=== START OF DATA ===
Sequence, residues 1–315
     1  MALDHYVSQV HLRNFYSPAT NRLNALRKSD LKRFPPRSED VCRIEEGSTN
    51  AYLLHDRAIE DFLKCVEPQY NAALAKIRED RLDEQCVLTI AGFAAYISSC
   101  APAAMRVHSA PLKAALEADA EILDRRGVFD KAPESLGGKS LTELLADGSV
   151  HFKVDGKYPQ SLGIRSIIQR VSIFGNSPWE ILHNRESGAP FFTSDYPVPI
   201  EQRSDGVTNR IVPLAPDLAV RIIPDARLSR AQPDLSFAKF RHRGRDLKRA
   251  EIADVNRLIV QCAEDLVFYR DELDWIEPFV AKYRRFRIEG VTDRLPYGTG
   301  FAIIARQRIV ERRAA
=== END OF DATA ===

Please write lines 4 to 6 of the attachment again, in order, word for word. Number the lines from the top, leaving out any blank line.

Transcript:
   101  APAAMRVHSA PLKAALEADA EILDRRGVFD KAPESLGGKS LTELLADGSV
   151  HFKVDGKYPQ SLGIRSIIQR VSIFGNSPWE ILHNRESGAP FFTSDYPVPI
   201  EQRSDGVTNR IVPLAPDLAV RIIPDARLSR AQPDLSFAKF RHRGRDLKRA